[0026] The respective signals 208, 210 are preferably taken at a node at which the respective fusible links 202, 204 connect with the respective impedances 212. Thus, the respective signals 208, 210 enjoy a first electrical state at substantially 0 volts (i.e., when the respective fusible link 202, 204 is in the unfused, shorted, first physical state) and a second electrical state at a substantially higher potential (i.e., when the respective fusible links 202, 204 are in the fused, opened, second physical state).

[0027] With reference to FIG. 1, each of the bit logic circuits 104A, 104B, 104C, . . . 104 n, are preferably operable to produce one bit of the ID number based on the respective signals issuing from each of the groups of physical bit elements 102 (i.e., based on the signals produced, at least in part, by the physical bit elements within each group). To this end, it is preferred that only one valid combination of the electrical states of the respective signals issuing from each group of physical bit elements 102 represents a valid logic high (1) level for the corresponding bit of the ID number. Further, it is preferred that only one different valid combination of the electrical states of the respective signals issuing from each of the groups of physical bit elements 102 represents a valid logic low (0) level for the corresponding bit of the ID number. The respective combinations that represent the valid logic high (1) level and the valid logic low (0) level preferably require that one of the two physical bit elements 202, 204 is in the second physical state and the other of the two physical bit elements 202, 204 is in the first physical state.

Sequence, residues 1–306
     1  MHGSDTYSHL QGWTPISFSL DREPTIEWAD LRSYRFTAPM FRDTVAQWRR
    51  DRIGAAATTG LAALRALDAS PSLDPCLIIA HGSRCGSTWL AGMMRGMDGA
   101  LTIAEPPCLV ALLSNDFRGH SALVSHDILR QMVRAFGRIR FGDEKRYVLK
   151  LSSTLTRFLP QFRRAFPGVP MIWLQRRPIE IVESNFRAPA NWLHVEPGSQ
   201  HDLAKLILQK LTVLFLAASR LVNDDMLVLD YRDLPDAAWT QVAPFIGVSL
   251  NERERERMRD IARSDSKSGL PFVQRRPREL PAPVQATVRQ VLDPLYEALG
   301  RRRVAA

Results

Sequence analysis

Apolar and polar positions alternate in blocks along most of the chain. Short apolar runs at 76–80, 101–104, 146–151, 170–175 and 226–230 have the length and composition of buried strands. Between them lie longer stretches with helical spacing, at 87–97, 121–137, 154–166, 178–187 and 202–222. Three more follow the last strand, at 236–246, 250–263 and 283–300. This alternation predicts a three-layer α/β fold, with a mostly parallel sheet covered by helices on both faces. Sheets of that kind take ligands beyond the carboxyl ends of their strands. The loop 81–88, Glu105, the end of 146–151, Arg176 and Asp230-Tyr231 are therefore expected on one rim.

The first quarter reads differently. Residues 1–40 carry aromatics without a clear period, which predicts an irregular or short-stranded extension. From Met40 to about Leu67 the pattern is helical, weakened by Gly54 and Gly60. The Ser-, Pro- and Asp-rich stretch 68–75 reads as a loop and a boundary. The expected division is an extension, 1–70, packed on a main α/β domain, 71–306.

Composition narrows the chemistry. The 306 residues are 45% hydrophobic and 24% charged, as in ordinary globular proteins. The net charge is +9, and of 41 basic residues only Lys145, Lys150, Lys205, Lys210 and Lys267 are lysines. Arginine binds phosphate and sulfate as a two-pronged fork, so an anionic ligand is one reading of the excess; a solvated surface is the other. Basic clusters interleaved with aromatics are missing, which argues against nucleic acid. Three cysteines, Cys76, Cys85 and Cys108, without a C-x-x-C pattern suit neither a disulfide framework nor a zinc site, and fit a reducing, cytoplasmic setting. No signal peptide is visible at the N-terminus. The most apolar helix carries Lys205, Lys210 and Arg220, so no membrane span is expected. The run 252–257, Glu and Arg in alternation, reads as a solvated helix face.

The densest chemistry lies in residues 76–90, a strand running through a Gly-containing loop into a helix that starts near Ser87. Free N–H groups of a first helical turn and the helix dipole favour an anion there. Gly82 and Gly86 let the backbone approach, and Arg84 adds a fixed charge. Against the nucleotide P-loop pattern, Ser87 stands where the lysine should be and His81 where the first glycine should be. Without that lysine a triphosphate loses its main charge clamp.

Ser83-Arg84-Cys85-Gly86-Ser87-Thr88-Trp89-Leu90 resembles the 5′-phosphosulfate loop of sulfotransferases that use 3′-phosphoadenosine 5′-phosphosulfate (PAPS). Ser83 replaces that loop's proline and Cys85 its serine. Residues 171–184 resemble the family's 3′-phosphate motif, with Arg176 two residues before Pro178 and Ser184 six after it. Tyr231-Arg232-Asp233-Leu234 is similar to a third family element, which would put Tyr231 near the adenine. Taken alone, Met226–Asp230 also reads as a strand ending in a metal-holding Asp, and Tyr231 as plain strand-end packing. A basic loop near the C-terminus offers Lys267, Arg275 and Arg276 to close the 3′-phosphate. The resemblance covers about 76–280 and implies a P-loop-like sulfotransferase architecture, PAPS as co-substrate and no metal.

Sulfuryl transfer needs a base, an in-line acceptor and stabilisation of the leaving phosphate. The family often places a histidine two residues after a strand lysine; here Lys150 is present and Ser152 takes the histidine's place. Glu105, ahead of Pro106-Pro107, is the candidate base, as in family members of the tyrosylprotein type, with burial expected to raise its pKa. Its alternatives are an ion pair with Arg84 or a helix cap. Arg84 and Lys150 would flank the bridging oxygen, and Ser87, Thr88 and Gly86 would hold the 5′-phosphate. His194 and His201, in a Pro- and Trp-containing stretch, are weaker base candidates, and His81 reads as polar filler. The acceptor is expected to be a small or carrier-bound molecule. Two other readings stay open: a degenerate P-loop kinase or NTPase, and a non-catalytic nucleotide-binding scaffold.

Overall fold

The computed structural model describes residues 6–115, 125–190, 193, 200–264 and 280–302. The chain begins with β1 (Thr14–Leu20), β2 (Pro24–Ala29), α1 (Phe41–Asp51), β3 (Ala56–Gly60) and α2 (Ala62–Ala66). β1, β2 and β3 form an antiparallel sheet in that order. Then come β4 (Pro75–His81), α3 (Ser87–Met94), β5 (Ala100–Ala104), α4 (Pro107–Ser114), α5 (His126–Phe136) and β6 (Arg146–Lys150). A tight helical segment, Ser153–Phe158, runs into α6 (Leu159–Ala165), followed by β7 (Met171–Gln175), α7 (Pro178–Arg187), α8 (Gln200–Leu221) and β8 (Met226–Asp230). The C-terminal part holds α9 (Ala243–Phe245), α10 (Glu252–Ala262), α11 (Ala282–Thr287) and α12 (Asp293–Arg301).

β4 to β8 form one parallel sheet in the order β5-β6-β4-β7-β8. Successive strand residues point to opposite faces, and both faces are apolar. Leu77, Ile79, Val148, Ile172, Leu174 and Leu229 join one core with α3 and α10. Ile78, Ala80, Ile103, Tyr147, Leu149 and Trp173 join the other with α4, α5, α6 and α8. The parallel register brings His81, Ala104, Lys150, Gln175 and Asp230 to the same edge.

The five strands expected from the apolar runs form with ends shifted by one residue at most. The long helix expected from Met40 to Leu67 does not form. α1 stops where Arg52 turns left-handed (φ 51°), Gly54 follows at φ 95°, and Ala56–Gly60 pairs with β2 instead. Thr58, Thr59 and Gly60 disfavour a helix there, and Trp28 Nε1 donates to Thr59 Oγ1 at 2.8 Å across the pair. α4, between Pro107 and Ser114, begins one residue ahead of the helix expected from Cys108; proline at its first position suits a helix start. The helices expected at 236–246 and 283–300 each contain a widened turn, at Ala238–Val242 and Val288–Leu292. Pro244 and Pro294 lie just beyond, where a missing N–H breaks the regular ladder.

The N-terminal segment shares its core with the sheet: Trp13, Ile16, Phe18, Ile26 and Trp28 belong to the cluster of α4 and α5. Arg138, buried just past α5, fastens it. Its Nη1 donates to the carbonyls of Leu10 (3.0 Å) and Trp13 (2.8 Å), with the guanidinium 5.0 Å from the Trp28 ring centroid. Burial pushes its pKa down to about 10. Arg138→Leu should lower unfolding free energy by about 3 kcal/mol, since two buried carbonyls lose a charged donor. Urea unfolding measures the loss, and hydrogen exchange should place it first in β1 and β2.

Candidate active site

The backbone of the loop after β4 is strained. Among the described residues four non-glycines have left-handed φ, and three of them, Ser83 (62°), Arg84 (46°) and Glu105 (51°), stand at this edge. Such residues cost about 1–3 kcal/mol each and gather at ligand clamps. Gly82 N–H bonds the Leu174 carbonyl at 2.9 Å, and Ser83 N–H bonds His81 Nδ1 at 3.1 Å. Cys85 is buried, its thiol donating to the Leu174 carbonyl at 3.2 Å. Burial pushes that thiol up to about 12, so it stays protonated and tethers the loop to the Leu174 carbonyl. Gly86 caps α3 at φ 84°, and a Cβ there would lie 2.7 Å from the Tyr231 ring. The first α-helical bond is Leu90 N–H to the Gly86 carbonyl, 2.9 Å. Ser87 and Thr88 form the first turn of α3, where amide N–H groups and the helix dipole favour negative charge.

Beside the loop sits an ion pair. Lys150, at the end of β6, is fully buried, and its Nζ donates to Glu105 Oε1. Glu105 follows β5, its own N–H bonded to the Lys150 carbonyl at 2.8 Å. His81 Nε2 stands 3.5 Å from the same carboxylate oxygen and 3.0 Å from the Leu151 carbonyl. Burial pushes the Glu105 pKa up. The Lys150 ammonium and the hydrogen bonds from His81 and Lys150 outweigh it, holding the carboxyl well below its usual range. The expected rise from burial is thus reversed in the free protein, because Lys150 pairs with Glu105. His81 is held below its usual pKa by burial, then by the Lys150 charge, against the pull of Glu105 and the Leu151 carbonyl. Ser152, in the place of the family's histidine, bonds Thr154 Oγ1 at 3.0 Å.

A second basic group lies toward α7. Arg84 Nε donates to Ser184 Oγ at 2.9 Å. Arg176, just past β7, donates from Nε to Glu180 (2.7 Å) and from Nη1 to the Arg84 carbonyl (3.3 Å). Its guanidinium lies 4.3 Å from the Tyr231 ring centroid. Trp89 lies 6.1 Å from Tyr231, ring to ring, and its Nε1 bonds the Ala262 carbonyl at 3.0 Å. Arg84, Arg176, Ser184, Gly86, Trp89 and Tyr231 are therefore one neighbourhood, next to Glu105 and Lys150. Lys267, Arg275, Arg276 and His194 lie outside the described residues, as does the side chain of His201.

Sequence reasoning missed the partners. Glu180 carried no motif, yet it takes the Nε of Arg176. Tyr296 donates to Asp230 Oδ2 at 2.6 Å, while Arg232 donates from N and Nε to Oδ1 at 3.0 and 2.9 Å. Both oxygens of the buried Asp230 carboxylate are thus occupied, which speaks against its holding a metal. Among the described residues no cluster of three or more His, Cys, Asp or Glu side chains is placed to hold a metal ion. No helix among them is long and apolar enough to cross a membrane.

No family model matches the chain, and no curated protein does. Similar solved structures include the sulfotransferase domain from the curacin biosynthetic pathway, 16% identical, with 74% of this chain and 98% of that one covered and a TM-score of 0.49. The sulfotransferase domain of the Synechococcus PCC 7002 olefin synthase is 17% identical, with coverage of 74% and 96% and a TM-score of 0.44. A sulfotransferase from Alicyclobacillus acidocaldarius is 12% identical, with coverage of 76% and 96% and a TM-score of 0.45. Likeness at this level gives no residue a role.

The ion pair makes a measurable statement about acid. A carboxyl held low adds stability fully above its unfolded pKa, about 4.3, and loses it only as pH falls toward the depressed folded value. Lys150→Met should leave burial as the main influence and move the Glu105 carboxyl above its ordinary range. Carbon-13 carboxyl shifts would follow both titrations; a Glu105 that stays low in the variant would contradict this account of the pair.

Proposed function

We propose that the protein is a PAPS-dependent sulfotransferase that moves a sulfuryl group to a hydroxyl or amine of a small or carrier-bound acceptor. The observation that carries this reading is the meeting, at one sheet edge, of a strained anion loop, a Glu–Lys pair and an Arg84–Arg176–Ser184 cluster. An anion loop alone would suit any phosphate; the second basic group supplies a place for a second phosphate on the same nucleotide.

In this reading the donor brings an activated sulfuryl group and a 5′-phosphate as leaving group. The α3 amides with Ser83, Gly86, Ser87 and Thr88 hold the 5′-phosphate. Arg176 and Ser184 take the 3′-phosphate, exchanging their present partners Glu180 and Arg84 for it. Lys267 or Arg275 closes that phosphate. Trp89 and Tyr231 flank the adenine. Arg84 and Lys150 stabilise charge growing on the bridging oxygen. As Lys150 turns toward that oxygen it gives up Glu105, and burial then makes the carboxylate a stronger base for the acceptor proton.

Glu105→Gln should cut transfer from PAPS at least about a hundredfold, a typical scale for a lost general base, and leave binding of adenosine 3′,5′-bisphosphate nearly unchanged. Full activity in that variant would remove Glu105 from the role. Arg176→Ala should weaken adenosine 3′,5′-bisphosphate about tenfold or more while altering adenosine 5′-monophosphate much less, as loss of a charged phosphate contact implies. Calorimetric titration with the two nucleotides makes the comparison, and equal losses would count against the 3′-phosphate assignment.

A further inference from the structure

[0028] By way of example, each group of physical bit elements may preferably include two physical bit elements, such as fusible links 202, 204 illustrated in FIG. 2. It is understood, however, that any number of physical bit elements, greater than one, may be employed without departing from the sprit and scope of the invention. The valid combination representing a valid logic high (1) level preferably requires that one of the two physical bit elements 202, 204 is in the first physical state and the other of the two physical bit elements 202, 204 is in the second physical state. By way of example, if physical bit element 202 is in the second physical state (fused) and the physical bit element 204 is in the first physical state (unfused), then the resulting combination of the electrical states of the respective signals 208, 210 (i.e., 1,0) represents a valid logic high (1) value for the corresponding bit of the ID number. In keeping with this example, if the physical bit element 202 is in the first physical state (unfused) and the physical bit element 204 is in the second physical stated (fused), then the resulting combination of the electrical states of the respective signals 208, 210 issuing therefrom (i.e., 0,1) preferably represents a valid logic low (0) level.